Ankara’s testy demands for Washington to extradite the cleric Gulen also suggest another collision course in the offing. Erdogan’s prime minister Binali Yildirim said that any country affording support to the coup plotters is «at war with Turkey». Erdogan has made a direct public demand on Obama to hand over the cleric.
So far, Washington has played down the extradition requests. White House spokesman Josh Earnest said this week: «If and when we receive a request, we will evaluate that request based on the extradition treaty that was signed by the US and Turkey nearly 30 years ago».
A further significant development this week were reports that Erdogan informed Iranian President Hassan Rouhani in a phone call that «Turkey was ready to work with Iran and Russia to restore peace and stability in the region».
Erdogan’s conciliatory overtures to both Iran and Russia have been building over recent weeks. His overdue apology to Russian President Vladimir Putin earlier this month for the fatal shoot-down of a Russian fighter jet in November last year by Turkish forces was the clearest signal yet of a desired rapprochement. Erdogan’s government has fallen foul of Moscow and Tehran over its support for regime-change proxy militants in Syria since 2011 – a long-time regional ally of both Russia and Iran.
Some observers have even suggested that Erdogan’s apparent desire for rapprochement with Russia and Iran may have prompted the US to trigger the latest coup against his government. Such a short time-line for such a mobilization does not seem plausible.
In any case, on the matter of Syria, Washington has in recent months seemed more accommodating to Moscow than either of its two regional partners, Turkey and Saudi Arabia. After all, that’s why Kerry was in Moscow last week, seeking apparently to join US and Russian forces in Syria to «combat terrorism».
Washington has also been far more keen to push a political track for its objective of regime change in Damascus. Indeed, at times it is Turkey and Saudi Arabia who have voiced anger and frustration at Washington for not being more confrontational in Syria, by not creating no-fly zones and increasing supply of weapons to the anti-government militants.
The idea that Erdogan was «going AWOL» from the US regime-change camp on Syria – and courting Russia and Iran – does not ring true. If anything, the Turkish leader appears to be reacting to Washington’s gradual shift away from covert war in Syria to a more political track. Sensing that the covert war using terror proxies was coming to a dead-end, Erdogan seems to be casting around to mend fences with Moscow and Tehran.
So, what can we conclude?
The coup in Turkey follows a long tradition of such revolts by the military. There have been at least six since 1960. The latest attempt most likely was a genuine uprising from within the Turkish ranks by elements not happy with Erdogan’s drift towards Islamist rule. It seems counter-intuitive that a US-based, and rather mild, Islamist scholar would have inspired a bloody uprising, whose stated objective was to install secularist governance.
Washington, although a past-master at orchestrating foreign coups, most probably had nothing to do with the putsch on July 15. Relations with Erdogan have certainly become increasingly strained over the differing tactics on how to prosecute the regime-change operation in Syria. That is, whether to pursue military or political tracks.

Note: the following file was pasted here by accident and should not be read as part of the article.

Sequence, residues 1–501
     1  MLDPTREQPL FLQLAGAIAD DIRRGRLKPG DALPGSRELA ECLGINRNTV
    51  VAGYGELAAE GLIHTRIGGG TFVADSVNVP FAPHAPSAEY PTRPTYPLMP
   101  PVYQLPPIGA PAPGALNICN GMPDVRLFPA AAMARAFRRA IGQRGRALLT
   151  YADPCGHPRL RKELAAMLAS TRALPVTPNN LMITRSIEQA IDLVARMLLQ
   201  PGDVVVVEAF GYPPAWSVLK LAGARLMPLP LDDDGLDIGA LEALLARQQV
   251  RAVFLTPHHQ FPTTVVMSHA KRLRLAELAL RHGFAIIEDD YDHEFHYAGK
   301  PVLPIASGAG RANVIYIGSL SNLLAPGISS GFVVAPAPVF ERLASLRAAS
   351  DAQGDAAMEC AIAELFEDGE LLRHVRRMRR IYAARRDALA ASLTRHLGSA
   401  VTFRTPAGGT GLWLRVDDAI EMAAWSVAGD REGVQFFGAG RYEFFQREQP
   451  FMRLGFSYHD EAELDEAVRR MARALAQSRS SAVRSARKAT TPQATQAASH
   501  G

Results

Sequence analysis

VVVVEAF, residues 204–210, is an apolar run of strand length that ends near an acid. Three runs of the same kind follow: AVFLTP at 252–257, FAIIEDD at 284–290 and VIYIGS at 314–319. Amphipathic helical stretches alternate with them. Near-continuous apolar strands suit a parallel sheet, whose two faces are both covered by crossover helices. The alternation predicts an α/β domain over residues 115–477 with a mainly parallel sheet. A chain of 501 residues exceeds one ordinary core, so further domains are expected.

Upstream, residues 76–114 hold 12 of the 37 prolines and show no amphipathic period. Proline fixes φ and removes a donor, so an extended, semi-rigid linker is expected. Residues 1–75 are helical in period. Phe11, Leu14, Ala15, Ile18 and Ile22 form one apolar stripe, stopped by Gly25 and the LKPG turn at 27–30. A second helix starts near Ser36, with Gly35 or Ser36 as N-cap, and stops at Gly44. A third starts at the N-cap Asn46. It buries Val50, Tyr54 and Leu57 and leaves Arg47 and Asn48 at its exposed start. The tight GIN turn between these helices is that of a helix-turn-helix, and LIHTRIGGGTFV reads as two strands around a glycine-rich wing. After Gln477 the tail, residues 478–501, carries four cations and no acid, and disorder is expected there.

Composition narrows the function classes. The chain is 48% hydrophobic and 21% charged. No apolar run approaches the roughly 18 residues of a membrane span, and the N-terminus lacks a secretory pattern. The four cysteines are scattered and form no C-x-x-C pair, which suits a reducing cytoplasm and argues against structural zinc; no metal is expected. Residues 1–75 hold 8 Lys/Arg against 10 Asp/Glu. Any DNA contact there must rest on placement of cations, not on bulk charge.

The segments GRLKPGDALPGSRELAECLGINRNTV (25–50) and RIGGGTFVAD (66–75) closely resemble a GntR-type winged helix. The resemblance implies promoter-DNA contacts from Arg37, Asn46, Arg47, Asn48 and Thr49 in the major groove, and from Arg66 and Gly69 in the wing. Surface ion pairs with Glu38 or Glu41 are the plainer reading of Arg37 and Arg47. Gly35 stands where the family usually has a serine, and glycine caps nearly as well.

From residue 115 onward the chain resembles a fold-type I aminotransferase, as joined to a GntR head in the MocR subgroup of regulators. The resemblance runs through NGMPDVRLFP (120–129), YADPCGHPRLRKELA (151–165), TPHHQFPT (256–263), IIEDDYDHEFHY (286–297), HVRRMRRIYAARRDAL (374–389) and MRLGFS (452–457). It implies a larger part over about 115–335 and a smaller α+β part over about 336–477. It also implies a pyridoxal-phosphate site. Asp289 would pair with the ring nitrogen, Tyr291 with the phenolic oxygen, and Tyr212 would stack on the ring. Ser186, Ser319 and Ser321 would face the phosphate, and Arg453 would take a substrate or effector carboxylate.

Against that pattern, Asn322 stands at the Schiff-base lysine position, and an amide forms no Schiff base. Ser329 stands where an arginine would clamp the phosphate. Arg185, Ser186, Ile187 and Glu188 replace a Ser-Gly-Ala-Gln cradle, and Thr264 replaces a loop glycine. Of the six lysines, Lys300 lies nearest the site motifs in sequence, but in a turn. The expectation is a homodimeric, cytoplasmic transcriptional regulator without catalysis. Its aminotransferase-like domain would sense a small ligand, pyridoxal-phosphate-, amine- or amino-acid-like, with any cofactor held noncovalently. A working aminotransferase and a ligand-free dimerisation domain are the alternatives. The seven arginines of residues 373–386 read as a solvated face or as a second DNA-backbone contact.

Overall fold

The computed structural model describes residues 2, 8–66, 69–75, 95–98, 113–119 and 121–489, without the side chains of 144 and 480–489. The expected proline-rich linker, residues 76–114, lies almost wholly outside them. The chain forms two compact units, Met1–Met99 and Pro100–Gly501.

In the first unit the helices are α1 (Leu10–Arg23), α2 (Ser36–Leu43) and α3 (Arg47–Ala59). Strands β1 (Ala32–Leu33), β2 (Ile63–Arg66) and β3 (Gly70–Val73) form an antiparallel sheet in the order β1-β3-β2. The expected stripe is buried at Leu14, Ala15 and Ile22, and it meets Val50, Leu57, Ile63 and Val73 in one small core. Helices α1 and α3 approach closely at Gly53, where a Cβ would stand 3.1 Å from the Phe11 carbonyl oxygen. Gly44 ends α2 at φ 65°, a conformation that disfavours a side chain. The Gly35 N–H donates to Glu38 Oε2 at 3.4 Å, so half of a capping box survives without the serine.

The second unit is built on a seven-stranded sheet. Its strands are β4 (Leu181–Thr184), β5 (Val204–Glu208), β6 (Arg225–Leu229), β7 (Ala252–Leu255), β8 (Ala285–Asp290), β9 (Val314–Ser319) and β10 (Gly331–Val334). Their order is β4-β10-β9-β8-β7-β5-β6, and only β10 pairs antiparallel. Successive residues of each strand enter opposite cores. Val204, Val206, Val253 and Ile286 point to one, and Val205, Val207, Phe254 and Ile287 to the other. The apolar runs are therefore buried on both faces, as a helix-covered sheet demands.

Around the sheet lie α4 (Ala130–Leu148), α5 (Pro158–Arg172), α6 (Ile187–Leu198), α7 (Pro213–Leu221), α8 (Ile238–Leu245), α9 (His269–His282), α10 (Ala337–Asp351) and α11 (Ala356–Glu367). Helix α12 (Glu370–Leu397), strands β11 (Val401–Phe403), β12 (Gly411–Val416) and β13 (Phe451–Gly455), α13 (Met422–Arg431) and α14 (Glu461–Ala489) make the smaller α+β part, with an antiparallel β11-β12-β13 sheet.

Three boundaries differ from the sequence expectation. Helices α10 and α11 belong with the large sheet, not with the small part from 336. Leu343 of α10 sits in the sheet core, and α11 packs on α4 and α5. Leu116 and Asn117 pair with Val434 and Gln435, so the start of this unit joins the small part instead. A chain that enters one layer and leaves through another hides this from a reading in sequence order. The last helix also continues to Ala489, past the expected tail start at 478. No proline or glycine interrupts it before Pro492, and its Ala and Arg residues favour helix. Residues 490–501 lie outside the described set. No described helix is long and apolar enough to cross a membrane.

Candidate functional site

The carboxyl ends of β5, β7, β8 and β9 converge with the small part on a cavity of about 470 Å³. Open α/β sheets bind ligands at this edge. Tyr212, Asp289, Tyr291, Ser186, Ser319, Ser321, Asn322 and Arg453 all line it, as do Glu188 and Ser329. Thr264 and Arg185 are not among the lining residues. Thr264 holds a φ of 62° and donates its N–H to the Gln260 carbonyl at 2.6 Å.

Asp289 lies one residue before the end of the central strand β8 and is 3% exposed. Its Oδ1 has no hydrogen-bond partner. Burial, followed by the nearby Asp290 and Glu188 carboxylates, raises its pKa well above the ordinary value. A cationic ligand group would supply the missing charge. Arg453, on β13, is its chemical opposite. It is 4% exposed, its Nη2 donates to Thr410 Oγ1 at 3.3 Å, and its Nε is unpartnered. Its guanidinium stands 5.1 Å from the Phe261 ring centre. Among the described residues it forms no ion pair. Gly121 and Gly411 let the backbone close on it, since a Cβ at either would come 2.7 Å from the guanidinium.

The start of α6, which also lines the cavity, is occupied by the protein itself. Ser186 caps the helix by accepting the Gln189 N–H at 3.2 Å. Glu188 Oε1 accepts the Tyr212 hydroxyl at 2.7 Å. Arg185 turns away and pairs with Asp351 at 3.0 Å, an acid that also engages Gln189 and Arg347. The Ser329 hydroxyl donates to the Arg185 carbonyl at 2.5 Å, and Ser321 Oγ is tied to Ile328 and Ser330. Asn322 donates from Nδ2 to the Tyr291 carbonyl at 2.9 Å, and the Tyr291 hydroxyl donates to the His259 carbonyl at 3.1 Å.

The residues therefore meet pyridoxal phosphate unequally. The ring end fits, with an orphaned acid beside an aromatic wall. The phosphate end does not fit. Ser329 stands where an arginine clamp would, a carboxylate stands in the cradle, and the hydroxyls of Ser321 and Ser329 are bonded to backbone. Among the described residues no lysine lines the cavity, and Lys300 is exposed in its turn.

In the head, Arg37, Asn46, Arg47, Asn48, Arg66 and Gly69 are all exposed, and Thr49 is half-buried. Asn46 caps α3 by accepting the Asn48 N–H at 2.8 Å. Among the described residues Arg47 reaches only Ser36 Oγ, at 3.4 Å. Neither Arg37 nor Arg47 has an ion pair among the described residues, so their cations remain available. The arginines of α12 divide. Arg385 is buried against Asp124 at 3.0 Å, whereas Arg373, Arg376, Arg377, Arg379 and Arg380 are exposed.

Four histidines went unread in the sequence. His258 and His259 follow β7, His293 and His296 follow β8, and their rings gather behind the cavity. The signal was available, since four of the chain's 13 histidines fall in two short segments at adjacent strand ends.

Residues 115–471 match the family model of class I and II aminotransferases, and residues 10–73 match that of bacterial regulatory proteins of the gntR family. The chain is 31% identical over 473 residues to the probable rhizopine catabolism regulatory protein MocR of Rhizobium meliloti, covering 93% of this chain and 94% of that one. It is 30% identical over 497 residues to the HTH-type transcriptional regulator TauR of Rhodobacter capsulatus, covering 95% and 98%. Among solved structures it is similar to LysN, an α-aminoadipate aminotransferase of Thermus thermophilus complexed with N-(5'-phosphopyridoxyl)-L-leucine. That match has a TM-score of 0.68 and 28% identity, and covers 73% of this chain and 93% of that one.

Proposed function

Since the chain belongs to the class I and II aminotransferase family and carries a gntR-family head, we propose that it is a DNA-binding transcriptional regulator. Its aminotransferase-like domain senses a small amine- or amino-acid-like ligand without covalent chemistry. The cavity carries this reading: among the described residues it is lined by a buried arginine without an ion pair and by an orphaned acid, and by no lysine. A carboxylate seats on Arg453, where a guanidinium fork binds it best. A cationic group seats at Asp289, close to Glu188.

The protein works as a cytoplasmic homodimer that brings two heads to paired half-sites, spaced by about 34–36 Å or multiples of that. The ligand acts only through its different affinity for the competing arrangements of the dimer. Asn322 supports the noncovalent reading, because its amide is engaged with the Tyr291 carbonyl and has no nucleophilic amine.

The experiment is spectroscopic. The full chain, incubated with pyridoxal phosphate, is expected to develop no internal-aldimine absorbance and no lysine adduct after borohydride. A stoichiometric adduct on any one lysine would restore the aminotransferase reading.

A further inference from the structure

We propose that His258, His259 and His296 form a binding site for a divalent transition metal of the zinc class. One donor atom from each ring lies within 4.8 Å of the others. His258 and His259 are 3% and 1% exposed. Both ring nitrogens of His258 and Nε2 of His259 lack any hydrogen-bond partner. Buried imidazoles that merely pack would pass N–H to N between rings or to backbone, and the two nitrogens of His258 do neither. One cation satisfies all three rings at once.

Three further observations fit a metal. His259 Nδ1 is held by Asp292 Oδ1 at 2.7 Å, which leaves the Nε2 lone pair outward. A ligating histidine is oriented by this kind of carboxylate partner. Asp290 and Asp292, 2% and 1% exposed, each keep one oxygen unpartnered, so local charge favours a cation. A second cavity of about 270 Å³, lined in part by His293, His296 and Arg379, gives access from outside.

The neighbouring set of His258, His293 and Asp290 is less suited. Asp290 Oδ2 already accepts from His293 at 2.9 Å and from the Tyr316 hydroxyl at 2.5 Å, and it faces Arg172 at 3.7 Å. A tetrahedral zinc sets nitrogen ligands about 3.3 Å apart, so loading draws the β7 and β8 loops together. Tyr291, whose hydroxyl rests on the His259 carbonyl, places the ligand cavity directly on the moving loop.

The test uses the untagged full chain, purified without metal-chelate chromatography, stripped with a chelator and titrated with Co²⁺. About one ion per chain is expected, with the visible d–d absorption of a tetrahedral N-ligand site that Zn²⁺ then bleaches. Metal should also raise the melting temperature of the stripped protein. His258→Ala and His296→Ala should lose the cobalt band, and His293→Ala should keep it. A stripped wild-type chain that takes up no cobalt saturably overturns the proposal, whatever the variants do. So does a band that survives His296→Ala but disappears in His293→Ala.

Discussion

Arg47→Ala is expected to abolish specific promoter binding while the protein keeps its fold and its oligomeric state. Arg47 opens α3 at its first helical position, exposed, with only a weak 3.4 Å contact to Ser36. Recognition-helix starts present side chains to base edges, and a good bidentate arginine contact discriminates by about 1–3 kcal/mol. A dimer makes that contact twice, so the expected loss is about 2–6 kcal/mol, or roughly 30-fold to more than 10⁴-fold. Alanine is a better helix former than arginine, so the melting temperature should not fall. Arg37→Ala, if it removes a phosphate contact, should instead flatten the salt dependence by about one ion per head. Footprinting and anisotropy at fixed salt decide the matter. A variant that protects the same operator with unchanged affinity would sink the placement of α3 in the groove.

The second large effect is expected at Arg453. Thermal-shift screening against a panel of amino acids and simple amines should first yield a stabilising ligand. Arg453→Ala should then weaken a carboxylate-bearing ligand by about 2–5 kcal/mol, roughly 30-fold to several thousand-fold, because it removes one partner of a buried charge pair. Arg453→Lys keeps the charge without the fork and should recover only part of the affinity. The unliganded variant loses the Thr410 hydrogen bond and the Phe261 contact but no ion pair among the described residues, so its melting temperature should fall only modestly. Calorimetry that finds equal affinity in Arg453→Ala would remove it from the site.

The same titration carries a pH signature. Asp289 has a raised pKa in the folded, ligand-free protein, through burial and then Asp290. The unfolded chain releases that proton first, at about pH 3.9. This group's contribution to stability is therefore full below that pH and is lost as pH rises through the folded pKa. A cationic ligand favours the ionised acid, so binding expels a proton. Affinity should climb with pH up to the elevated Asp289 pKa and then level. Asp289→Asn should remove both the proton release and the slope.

Nevertheless, Washington has a much bigger goal and transcendent priority than either Turkey or Syria. It is Russia. Washington has clearly demonstrated and explicitly stated over recent years that its top global challenge is Russia. The US needs NATO cohesion more than ever to pursue that strategic objective.
It would seem patently counter-productive for Washington to alienate Turkey and the dominant ruling AKP of Recep Tayyip Erdogan at this strategic juncture. That would only lead to a crisis within the NATO alliance and thereby a setback to Washington’s more important anti-Russia project.
Erdogan will continue to strain relations with Washington and the EU over his increasing move towards autocratic rule and his brazen exploitation of the coup crackdown to curtail democratic freedoms in Turkey. That repressive trajectory has been underway for several years under Erdogan and neither the US nor EU have expressed any meaningful protest.
In the end, the EU and Washington need Erdogan more than he needs them. The EU and Germany in particular are beholden to Ankara to stem the flow of refugees from Syria, Iraq and Afghanistan; and Washington needs Turkey to maintain its NATO spearhead against Russia.
Erdogan has, in effect, latitude to pursue even more dictatorial powers in Turkey. And while the EU and Washington may issue the odd verbal admonishment over his draconian demagoguery, neither will want to estrange the Sultan in Ankara owing to their sensitive, paramount strategic needs. Getting rid of Erdogan would be just too wild a card to play.
Of course, a converse question could be: will Erdogan ditch the US and EU? And embrace Russia and Iran?
Erdogan has shown himself to be incorrigibly maverick, deceptive and unscrupulous to make that a realistic outcome.
Russia and Iran might enjoy, even partially benefit from, the tensions between Turkey and the US. But the latter’s NATO orbit and strategic imperative towards Moscow will over-ride a major geopolitical shift with Turkey.
Washington is not going to go cold Turkey. It’s got a more pressing addiction regarding how it deals with Russia.